Dear Daughter, This is Why I Won’t Tell You Who I’m Voting for…

 

Dear Daughter,

Yesterday was your 11th birthday. You came out of your room took one look at me in my striped grey sweater, turned on your heels and returned wearing your own sweater that was almost identical. You said, “Mom, now we match!” Even though we were spending the day with your middle school friends, you weren’t embarrassed. You hugged me, and I knew this could be a last.

My mind went to earlier when you had come to me about the current election. You had begged me, “Please just tell me, who is our family for?” The growing pressure from classmates to “pick a team” had been mounting over the past several months and you were so frustrated with me and Daddy for not telling you which candidate we were for. I hope my answer will bring you clarity and although it might not be what you want to hear now, I trust one day you will understand and maybe even have some gratitude for the way your Dad and I have chosen to discuss politics with you.

My sweet girl, since the day you were born I have had so much respect for you. And by just 11 years old, I am certain that what is in your heart and your mind is so, so good. I trust that whatever is in there, will be nothing short of incredible, smart, and beautiful. I want nothing more than to give you the time and space to develop your own ideas about this world and to develop your own political opinions too. But when you have those, I want to be sure those are yours and yours alone. I don’t want them to be mine or Daddy’s or anyone else’s. It can be hard for children to sort through adult’s opinions, especially those of your parent’s. I believe you deserve parents that won’t put you in a place to sort through our opinions, in order to figure out your own. I look forward to the day you disagree with me in a political debate because I know it won’t be in spite of me or because of me. It will be all you and nothing more or less, and I will be so grateful, and I hope you will too.

I know right now it feels like everyone needs a “team” to root for. But this isn’t that trivial, and I won’t let you believe that it is. (So yes, you still have to root for the Warriors, because that’s what our family does). What’s in your mind and your heart, your thoughts, ideas, and opinions, that’s the most important thing you’ve got in this world. That is what makes you who you are. I know who I am, and I don’t need to know that you can be me. My job is to raise you to be you. The idea of not giving you the space to do that, the idea that I might not get to see the real you because of my own projections or a desire to have you on my “team”, that breaks my heart. I won’t do that to you, and to be honest, I’d be the one missing out.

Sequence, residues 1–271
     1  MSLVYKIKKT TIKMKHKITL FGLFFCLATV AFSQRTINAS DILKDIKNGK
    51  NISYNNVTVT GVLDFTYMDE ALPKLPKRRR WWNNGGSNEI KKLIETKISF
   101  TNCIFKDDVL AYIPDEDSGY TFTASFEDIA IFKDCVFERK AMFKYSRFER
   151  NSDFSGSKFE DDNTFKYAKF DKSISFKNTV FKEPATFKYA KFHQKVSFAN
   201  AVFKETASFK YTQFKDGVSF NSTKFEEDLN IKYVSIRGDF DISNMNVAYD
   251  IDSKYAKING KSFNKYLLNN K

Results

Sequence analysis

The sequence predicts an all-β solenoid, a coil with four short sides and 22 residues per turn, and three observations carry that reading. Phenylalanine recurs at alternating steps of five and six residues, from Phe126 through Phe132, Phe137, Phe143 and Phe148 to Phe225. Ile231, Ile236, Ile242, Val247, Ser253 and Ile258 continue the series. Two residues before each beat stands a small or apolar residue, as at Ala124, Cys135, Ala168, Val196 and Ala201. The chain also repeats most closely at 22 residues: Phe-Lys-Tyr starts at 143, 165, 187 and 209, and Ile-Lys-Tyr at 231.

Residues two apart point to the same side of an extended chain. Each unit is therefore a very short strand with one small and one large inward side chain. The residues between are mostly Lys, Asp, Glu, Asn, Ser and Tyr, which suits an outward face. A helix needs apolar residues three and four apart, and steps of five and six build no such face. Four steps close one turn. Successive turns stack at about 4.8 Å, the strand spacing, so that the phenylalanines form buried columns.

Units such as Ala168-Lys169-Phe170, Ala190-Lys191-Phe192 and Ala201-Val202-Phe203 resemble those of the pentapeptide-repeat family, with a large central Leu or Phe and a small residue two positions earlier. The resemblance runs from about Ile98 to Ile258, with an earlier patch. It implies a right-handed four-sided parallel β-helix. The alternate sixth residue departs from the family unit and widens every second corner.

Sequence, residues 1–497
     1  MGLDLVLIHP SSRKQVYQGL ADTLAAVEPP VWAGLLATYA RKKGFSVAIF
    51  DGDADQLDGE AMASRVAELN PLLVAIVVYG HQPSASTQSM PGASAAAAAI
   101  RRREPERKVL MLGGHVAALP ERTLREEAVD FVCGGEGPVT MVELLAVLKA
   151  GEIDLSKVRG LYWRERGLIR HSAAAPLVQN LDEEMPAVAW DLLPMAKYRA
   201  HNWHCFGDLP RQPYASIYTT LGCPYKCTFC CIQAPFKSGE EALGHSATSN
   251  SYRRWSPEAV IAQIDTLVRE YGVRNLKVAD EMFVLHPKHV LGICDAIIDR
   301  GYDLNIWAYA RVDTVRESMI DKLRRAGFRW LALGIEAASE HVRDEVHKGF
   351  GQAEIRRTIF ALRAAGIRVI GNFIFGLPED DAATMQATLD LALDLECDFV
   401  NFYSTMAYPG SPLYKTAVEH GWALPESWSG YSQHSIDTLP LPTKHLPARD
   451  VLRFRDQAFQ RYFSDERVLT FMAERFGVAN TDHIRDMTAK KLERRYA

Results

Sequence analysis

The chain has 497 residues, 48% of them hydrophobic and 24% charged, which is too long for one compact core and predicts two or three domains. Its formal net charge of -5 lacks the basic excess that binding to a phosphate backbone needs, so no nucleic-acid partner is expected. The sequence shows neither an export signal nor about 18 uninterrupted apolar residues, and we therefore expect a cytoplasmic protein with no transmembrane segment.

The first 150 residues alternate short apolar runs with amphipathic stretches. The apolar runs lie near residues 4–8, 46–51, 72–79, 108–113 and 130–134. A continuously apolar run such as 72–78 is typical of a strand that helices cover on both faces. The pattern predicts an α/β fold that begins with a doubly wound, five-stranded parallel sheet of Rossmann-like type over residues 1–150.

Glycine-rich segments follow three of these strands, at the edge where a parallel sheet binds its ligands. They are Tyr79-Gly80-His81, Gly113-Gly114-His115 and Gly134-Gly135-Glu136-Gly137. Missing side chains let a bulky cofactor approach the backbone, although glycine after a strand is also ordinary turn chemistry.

This doesn’t mean there won’t be discussions about politics or government. Daddy and I will keep engaging you and we will answer your questions in a way that is age appropriate. We will always present ideas, on all sides, as neutrally as possible. We will outline campaigns and candidates with as many facts and as little opinion as we possibly can. We will encourage you to give yourself time to sit with all these ideas. Most importantly, we will challenge you to think critically and deeply. Sometimes it will be impossible to keep our opinions entirely from you, and sometimes sharing will make perfect sense or be appropriate. We will cross those bridges as they come, and give you as much time to sit with it and to have your own feelings, as we possibly can.

I know today you want to dress like me, and it makes me emotional to think about how much you want to be like me. Someday, if you choose to become a mom, you will know how overwhelming that feels, to hold your heart in mine. I know how easily I could have you rooting for whoever or whatever I might be. But just because I can, doesn’t mean it’s the right choice. I know it seems like everyone at school is, but just because everyone else does it, does not make it the right choice for us, and I am so sure that it is not. Every family makes different choices for their children and what is right for others, might not be right for our family and that is ok. What is important, is that there is mutual respect for those differences. What is right for us, doesn’t make it the right choice.

As you get older, you will start to have some strong opinions about this world. You will start to see things with a more fully developed brain and you will understand issues in a different way than you do right now. Someday, you will want to take a stand for something, and not because we are, but because somewhere deep inside you, it will feel like the only right thing to do and the idea of not taking a stand will feel utterly unbearable. I will be here for that. I’m going to listen to what is in your heart and I will want to know all about how you got there and what you want to do about it. Even if I don’t agree, I will be there. I am all in on you, no matter what.

There will be some ground rules around politics too. Just like everything, the way you are in this world matters. Our expectations will be no different here. We expect you to always behave in a way that is authentic, honest, loving, and respectful.

  • You will not be allowed to make disparaging comments, generalizations, or references about people or groups of people based on their political party, political beliefs, or who or what they voted for.
  • You will not be allowed to decide someone’s worthiness in this world based on their political opinions, thoughts or ideas. We don’t think less of people because of their politics.
  • We will not choose to be friends with or not be friends with people based on their political beliefs.
  • How you behave on the internet matters, who and what you support, like, heart, etc. matters. Don’t be reckless or careless.